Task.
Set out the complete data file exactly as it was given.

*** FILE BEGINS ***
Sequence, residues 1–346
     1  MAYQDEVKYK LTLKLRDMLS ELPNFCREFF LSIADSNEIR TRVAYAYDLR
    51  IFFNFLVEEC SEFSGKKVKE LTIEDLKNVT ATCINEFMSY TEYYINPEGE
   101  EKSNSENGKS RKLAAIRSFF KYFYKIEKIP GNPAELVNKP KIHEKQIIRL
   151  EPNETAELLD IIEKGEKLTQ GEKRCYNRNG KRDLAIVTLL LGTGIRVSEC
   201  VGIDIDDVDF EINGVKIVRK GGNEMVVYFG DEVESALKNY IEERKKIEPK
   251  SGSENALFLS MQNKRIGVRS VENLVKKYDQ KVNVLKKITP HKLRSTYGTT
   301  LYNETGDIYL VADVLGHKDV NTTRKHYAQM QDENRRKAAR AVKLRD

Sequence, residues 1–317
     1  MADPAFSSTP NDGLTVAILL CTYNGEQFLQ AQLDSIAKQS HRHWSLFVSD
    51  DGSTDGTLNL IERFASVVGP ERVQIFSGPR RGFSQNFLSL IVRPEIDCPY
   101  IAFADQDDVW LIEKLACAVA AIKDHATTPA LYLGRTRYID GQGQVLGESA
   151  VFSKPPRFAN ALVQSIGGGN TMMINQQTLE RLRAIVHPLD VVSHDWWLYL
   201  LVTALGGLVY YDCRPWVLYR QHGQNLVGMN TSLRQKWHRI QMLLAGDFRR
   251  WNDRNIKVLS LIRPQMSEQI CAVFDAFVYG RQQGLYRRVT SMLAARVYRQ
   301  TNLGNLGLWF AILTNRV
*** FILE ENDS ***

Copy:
Sequence, residues 1–346
     1  MAYQDEVKYK LTLKLRDMLS ELPNFCREFF LSIADSNEIR TRVAYAYDLR
    51  IFFNFLVEEC SEFSGKKVKE LTIEDLKNVT ATCINEFMSY TEYYINPEGE
   101  EKSNSENGKS RKLAAIRSFF KYFYKIEKIP GNPAELVNKP KIHEKQIIRL
   151  EPNETAELLD IIEKGEKLTQ GEKRCYNRNG KRDLAIVTLL LGTGIRVSEC
   201  VGIDIDDVDF EINGVKIVRK GGNEMVVYFG DEVESALKNY IEERKKIEPK
   251  SGSENALFLS MQNKRIGVRS VENLVKKYDQ KVNVLKKITP HKLRSTYGTT
   301  LYNETGDIYL VADVLGHKDV NTTRKHYAQM QDENRRKAAR AVKLRD

Sequence, residues 1–317
     1  MADPAFSSTP NDGLTVAILL CTYNGEQFLQ AQLDSIAKQS HRHWSLFVSD
    51  DGSTDGTLNL IERFASVVGP ERVQIFSGPR RGFSQNFLSL IVRPEIDCPY
   101  IAFADQDDVW LIEKLACAVA AIKDHATTPA LYLGRTRYID GQGQVLGESA
   151  VFSKPPRFAN ALVQSIGGGN TMMINQQTLE RLRAIVHPLD VVSHDWWLYL
   201  LVTALGGLVY YDCRPWVLYR QHGQNLVGMN TSLRQKWHRI QMLLAGDFRR
   251  WNDRNIKVLS LIRPQMSEQI CAVFDAFVYG RQQGLYRRVT SMLAARVYRQ
   301  TNLGNLGLWF AILTNRV